Finally, Legion writes compellingly about the potential for rehabilitation of SOs and also offers a framework for undertaking this work.

"So I'm sitting here eating a bowl of cereal and digesting ULK 61 and comrade El Independista made some valid points and MIM(Prisons) dissented. See when we sparked this debate we were struggling with starting a NLO consisting of comrades who have fucked up jackets who are willing to put pride, ego, individualistic patriarchal thoughts and practices to the wayside forming a column of revolutionaries who are given a chance to show and prove that the state was wrong and that U-C-U works for all instead of some. Answering El Independista's questions of possible solutions isolation, ostracization, extermination may I build?

"First and foremost as a revolutionary raised in the game I'd rather deal with a SO than a snitch or a jailhouse thief. Why? Because in most cases the SO can be re-educated if given the ability to perform. If a potential comrade has been framed by the state who will hear him out. He's isolated like the sex offender island in Washington State off of puget sound. Ostracization is another word for shun if the SO shuns his/her anti-people conviction and uses unity-criticism-unity to combat the patriarchy and upholds the merits of a drafted constitution along with personal U-C-U known as self-criticism you can begin to mold revolutionaries who ostracize themselves. Then there is extermination, another word for ending re-education self-critique and revolutionary bent will cause an ill (as in sick) blow to the injustice system. It's all or none. And no, I'm not harboring cho-mos and rapos, just willing to do the work to see us free all of us. For example, if a column of reformed SOs took up a revolutionary mindset and put said mindset into practice one would exterminate a whole under represented class of people.

"In California the Penal Code 226(a) is any sex crime. 266(h-j) have to do with pimping and pandering, 288 is a molester, 290 is the required registration code. Most kidnappers have to register for life. If you're a John you have to register and if you're a prostitute you have to register. If you opt into a shoot out and a child was involved you have to register, and child endangerment is a sex crime. As well as rape, peeing on the side walk, flashing. In prison all these cases get 'P' coded which prohibits the captive from ever being level 1 where there is minimal politics, and forces one to live in enclosed structures with secure doors AKA cell living. This leaves level "P" coded prisoners in 3 and 4 yards. These yards are political, whether GP or SNY there are politics. And on these yards you have folks with a knack for praying on the weak, creating a pattern of sexual abuse. Just look at any day room wall you'll see the # for the PREA hot-line and a slogan that says 'no means no and yes is not allowed.'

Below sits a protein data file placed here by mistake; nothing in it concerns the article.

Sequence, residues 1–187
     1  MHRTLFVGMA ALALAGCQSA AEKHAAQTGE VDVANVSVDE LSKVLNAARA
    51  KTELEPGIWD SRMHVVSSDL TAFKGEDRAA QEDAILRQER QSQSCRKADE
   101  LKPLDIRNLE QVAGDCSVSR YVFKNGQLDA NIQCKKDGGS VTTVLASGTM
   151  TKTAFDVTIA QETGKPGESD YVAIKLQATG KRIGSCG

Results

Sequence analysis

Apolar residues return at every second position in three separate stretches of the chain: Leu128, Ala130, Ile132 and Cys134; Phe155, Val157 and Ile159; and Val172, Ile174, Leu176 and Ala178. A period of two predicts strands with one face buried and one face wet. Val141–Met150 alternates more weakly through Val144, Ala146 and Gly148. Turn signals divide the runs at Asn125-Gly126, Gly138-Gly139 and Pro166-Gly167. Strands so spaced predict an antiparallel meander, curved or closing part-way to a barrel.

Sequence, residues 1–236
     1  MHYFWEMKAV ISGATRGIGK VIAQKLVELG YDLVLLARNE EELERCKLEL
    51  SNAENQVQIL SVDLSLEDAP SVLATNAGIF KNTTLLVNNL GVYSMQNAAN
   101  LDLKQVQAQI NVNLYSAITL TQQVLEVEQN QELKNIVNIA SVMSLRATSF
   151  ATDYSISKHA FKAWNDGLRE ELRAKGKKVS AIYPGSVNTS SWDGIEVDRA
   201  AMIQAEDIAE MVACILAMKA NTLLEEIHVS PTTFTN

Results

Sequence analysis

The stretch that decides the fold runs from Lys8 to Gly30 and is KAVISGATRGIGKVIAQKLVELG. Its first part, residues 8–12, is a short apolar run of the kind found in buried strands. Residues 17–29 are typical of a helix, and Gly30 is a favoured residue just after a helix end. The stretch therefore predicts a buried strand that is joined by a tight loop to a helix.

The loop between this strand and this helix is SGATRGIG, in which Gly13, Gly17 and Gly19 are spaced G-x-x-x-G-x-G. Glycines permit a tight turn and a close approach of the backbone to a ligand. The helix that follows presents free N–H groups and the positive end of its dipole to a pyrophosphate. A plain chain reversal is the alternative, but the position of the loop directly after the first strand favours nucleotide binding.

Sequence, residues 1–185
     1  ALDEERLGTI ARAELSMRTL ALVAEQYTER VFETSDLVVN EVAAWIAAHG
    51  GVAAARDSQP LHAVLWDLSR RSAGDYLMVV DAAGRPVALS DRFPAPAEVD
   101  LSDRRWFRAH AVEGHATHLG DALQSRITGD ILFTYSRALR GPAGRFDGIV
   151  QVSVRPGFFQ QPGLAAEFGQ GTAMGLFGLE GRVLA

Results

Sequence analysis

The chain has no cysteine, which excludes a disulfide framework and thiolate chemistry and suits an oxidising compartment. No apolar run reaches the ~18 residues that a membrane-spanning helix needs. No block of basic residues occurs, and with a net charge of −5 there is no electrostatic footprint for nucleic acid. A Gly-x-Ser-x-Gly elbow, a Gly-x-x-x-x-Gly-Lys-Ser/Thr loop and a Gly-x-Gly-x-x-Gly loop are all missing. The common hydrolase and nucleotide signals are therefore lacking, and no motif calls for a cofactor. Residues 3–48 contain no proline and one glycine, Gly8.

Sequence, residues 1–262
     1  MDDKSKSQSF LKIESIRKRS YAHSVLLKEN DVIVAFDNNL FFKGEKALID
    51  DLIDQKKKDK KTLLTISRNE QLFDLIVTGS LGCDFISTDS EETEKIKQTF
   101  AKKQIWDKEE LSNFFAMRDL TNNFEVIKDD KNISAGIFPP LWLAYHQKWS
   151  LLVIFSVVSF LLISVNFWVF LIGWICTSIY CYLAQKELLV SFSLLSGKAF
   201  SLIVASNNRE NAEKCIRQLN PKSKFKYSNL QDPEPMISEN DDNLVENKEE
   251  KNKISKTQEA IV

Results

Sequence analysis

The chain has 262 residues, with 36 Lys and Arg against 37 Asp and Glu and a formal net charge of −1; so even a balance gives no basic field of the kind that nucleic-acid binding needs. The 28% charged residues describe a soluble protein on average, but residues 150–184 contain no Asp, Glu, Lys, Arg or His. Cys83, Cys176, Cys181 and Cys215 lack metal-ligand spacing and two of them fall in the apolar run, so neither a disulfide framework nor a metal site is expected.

"People, we have to prepare for the white wolf invasion. You can't bully the SO problem away. You have to be a social scientist and commentator and build institutions that collapse the structure. And to answer MIM(prison), most SOs are on SNY yards and you have these snitch gangs who look to isolate, ostracize and eliminate "threats." Most SOs aren't rats, hell most aren't even criminals, no rap sheet only accusations. But these "gangsters" need a common enemy, and an easy target is the SO. As a 'do what's best-ist' I would, if given the platform to do so, launch the wolf collective and invite all who read ULK to join, not as a member but as a witness to the scientific display of revolutionary conduct. I do this to sacrifice self for the masses.

"Start with self-critique and a solid understanding of your errors.
Make serious revolutionary action your priority
Honor and respect all human beings' dignity
Never go backwards in thought walk and push
Stand all the way up for what is righteous and do what's leftover
You will be judged by your political work and political line.

"You might think I'm crazy or nuts but I have 36 nuts and bolts that say otherwise. The mathematics makes sense to turn nuts to plugs you plug in nuts meaning you become the change you want to see, and if I have to build the collective brick by brick stone by stone I will. I'm a convict first for all the would-be haters, but I think the time has come to form an infection on the skin of the beast."